GEORGE MONBIOT: It’s an extraordinary thing to contemplate, isn’t it? That the part of the world worst hit by current flooding is not actually Texas. Disastrous, catastrophic as it is in Texas, it is now even worse particularly in India and Bangladesh and Nepal, where we’re seeing huge, horrendous levels of flooding, 40 million people affected by it, 1,200 people dead, basically the complete shutdown of the economy, of public life, of private life across a great swathe of those countries. And yet, there’s almost media silence throughout the rich world.
This week in the U.K., we’ve been hearing a lot about Bangladesh. Bangladesh has been in the headlines for the last two days, and there’s been loads of commentary written about it. Why is that? Because Bangladesh won the cricket against Australia. I’m quite serious. This is a country in which 6.9 million people are now displaced by flooding, in which a third of the country is underwater, in which hundreds have died. We don’t yet know how many, because it will be a long time before that count is ever made, if it is made at all. Loads of children can no longer go to school. It’s a total disruption, devastation of that country. And finally, it features in the news, because of the cricket.
And again, it is this politically driven silence, because if we were to consider what is going on in the rest of the world, and if we were to consider our contribution to what is going on in the rest of the world—and there’s this terrible irony about climate change that the main perpetrators of it, with the exception of those refineries and rigs in the Gulf, in the Gulf of Mexico and in Texas—generally, the main perpetrators are those who are hit least and last, whereas people who have made very little contribution to climate breakdown are hit first and worst, like the people of Bangladesh, who have a tiny carbon footprint. Were we to really bring this to the front of our consciousness, as we should, it would necessitate a major change in the way we run our societies, a major change in the way we run our economies and a major change in the way we live. So that is why we do not talk about it. Or if we talk about it, we do so tangentially, or we relate it as a natural disaster, another act of God, a terrible thing which has happened to those people: "Poor people. Send them some money. We feel so sorry for them, but we wash our hands of it. There’s nothing we can do."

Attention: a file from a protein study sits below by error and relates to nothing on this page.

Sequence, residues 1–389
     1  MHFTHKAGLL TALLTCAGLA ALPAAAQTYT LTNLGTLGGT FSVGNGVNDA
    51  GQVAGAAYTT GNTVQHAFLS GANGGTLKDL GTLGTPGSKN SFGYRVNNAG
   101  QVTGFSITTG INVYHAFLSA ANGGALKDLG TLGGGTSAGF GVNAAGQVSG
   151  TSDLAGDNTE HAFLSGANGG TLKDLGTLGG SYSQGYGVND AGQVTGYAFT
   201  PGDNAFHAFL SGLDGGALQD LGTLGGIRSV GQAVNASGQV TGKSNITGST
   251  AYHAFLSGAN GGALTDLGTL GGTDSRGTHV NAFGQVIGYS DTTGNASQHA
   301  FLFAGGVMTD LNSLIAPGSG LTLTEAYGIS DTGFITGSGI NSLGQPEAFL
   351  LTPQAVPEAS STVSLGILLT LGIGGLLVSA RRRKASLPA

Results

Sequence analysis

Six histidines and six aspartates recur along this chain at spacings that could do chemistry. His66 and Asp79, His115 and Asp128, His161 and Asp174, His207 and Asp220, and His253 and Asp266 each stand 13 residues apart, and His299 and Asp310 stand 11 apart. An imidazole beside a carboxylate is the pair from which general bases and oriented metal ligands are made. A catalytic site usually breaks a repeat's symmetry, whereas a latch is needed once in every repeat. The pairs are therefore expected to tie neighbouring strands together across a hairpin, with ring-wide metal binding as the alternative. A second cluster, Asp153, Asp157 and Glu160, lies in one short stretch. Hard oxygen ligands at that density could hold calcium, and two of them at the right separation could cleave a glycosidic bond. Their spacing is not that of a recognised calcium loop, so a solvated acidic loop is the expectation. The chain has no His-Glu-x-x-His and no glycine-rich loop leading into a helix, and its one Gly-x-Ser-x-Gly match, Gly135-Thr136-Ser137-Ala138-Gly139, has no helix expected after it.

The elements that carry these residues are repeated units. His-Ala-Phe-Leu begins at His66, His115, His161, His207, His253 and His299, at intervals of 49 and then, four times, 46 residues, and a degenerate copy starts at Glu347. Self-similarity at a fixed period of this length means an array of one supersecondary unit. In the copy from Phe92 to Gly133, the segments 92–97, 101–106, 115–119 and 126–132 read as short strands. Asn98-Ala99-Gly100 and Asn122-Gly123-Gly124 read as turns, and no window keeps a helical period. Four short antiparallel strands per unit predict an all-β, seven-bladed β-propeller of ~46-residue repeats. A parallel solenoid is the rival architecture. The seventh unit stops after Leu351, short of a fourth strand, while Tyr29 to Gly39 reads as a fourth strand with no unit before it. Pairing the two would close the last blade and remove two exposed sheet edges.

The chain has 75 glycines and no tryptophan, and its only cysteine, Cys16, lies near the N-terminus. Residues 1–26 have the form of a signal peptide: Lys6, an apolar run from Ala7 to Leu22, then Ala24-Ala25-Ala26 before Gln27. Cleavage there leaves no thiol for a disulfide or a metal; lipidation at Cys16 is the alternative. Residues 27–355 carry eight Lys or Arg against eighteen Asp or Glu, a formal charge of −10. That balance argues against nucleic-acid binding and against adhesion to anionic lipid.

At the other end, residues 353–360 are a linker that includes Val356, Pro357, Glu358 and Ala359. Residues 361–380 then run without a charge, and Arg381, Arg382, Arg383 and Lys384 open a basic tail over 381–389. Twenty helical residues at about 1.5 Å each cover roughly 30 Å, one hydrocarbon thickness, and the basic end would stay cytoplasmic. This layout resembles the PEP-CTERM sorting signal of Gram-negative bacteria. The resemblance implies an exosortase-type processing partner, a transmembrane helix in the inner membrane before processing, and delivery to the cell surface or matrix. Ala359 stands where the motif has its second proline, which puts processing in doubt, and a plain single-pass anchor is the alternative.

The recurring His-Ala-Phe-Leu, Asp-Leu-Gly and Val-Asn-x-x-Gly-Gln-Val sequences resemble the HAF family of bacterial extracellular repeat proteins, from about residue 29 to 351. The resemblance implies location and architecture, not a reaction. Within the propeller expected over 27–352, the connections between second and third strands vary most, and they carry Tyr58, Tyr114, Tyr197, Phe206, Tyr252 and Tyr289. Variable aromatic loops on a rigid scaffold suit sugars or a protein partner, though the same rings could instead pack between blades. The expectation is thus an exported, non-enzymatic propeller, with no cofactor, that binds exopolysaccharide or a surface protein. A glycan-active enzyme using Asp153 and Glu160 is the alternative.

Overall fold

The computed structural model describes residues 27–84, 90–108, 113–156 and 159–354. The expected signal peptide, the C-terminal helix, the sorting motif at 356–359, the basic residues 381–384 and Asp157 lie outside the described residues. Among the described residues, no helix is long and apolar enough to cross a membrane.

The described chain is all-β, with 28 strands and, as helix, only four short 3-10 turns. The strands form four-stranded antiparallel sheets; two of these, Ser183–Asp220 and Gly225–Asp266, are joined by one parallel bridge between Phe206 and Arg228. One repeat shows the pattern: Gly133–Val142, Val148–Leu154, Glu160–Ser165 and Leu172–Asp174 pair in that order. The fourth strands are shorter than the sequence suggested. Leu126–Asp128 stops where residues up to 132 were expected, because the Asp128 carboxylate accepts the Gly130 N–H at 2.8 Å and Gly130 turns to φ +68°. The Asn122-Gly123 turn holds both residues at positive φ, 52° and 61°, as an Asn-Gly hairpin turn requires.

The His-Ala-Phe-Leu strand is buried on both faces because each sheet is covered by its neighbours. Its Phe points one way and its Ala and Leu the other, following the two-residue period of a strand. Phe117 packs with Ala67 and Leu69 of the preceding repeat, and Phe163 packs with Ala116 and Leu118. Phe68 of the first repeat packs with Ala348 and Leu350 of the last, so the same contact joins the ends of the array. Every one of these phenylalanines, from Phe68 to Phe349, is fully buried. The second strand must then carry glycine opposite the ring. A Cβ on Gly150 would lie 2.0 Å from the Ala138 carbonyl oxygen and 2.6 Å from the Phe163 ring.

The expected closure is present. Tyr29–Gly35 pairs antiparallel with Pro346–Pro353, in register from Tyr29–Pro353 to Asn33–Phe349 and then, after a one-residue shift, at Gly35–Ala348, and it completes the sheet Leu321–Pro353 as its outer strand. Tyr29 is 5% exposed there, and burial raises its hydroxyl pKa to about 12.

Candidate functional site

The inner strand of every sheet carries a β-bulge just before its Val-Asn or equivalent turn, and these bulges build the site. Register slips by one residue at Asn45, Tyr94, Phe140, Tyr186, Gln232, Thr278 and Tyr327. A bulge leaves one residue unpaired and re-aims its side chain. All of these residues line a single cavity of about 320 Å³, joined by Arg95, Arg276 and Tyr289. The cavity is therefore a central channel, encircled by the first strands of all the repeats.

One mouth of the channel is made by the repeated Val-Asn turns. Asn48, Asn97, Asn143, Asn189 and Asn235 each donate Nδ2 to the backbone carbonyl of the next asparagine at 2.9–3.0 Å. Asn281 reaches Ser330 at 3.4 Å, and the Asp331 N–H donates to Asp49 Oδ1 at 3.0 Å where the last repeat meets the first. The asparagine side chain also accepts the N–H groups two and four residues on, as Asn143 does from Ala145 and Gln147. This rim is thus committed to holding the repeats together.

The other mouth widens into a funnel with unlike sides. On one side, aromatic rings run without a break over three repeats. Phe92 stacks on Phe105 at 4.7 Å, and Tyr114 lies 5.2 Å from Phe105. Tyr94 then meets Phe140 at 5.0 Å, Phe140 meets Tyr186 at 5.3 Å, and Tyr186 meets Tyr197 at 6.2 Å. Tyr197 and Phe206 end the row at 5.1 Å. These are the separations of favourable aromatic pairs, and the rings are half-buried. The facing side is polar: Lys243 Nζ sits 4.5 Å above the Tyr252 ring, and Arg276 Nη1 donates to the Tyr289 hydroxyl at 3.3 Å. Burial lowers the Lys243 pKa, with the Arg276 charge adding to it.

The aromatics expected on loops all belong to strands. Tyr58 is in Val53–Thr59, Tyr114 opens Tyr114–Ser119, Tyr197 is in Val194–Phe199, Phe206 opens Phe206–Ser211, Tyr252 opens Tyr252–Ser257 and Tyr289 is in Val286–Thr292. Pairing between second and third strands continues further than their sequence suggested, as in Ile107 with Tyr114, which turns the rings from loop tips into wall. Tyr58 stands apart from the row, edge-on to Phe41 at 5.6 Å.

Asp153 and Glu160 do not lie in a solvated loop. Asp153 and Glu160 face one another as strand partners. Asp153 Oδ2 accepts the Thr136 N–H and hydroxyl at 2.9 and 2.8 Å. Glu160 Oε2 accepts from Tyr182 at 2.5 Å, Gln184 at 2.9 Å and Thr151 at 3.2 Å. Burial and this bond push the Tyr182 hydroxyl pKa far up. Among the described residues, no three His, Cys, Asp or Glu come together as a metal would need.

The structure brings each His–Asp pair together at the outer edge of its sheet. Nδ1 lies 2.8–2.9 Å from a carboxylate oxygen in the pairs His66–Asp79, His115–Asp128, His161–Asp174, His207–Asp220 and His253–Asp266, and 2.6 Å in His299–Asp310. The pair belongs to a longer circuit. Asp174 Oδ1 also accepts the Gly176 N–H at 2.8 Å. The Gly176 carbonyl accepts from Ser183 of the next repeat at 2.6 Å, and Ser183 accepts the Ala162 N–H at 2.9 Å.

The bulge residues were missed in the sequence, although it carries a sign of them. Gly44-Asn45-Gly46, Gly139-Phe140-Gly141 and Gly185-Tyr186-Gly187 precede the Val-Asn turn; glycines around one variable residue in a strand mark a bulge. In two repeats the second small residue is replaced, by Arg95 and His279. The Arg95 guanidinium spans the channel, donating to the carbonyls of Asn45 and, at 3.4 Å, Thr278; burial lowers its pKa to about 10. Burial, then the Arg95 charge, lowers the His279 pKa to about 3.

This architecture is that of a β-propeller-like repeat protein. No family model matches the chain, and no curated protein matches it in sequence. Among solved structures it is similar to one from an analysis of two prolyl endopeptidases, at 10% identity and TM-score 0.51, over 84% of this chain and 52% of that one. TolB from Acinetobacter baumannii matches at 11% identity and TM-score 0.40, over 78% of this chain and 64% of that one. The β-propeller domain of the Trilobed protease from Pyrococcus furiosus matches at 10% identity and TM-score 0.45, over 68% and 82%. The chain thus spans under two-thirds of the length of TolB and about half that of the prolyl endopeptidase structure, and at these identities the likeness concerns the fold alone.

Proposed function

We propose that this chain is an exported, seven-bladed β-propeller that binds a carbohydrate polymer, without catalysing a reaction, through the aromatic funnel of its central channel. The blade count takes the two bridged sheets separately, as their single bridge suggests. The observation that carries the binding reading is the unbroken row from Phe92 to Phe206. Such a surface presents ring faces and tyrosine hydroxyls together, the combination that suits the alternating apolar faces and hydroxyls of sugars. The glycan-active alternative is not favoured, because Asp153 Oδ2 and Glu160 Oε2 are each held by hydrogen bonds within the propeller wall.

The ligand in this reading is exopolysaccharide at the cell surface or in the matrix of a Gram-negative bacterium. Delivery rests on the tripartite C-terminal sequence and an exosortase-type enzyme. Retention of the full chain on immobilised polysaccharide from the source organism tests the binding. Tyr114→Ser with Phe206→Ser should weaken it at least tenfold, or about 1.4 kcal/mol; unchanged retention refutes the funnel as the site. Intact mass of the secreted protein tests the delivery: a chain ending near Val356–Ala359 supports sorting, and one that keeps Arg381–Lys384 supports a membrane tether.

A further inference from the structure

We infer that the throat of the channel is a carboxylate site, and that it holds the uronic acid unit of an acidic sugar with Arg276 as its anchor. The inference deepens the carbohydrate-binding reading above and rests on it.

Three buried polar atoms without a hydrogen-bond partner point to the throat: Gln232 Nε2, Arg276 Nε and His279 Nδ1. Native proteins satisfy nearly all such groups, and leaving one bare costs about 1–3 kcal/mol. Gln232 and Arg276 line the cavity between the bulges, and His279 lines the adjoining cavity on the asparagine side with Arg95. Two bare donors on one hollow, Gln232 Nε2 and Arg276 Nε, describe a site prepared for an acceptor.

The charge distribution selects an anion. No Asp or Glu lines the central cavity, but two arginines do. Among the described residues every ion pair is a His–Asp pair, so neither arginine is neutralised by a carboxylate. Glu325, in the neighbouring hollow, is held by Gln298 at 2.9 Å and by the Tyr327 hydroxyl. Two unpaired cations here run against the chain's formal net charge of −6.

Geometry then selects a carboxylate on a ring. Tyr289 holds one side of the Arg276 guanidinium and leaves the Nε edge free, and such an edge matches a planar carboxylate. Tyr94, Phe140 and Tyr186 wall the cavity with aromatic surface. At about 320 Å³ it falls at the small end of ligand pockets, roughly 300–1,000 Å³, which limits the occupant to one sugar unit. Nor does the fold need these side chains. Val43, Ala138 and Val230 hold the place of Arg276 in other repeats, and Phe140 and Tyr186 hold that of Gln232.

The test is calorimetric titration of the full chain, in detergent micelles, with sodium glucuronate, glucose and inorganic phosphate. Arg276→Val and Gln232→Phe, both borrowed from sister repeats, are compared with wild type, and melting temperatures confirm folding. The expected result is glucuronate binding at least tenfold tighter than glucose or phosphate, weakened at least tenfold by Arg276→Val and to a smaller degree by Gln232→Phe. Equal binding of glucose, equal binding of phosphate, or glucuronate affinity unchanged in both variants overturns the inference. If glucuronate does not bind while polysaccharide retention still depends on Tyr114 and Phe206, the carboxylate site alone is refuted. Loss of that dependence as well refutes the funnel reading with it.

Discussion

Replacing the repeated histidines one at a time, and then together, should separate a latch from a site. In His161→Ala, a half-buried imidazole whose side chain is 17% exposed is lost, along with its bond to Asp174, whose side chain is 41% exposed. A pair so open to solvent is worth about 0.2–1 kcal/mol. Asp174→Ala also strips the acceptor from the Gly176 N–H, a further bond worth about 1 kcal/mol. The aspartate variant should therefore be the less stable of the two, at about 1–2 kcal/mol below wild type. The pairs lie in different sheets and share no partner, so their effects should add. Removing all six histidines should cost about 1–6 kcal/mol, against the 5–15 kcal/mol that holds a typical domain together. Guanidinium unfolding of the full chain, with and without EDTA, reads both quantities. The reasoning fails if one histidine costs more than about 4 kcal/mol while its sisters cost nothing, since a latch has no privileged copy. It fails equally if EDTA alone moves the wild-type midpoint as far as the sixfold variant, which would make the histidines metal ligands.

AMY GOODMAN: George Monbiot, I’m embarrassed to say—
GEORGE MONBIOT: As it happens—
AMY GOODMAN: We just have a minute, but can you give us a hint of what that change would look like?
GEORGE MONBIOT: Right. We need a radical change, driven by the need to prevent this catastrophe, to both politics and economics. And an economic system which depends on perpetual growth on a finite planet is destined to deliver disaster. We need a new economy built around the commons, built around community ownership of local resources, inalienable ownership of those resources, which are not expected to deliver more and more and more money, but are expected to deliver continued and steady prosperity to the people of those communities and the people of this planet. The system we have at the moment, which is about accumulation, the accumulation of capital, the continuation of growth, in a planet which does not itself grow, that system is destined to push us over the cliff.
AMY GOODMAN: George Monbiot, we want to thank you so much for being with us, British journalist, author, columnist with The Guardian. His book, Out of the Wreckage: A New Politics for an Age of Crisis, will be out this week. His latest piece for The Guardian, we’ll link to, "Why are the crucial questions about Hurricane Harvey not being asked?" And we’ll have you back on to talk more fully about your ideas and your latest book, George. Thanks so much for joining us from Oxford, England.
Coming up, another suspect in the brutal beating of a young African-American man, Deandre Harris, during the white supremacist rally in Charlottesville has been arrested. Why has it taken so long, when the beating was caught on tape? Stay with us.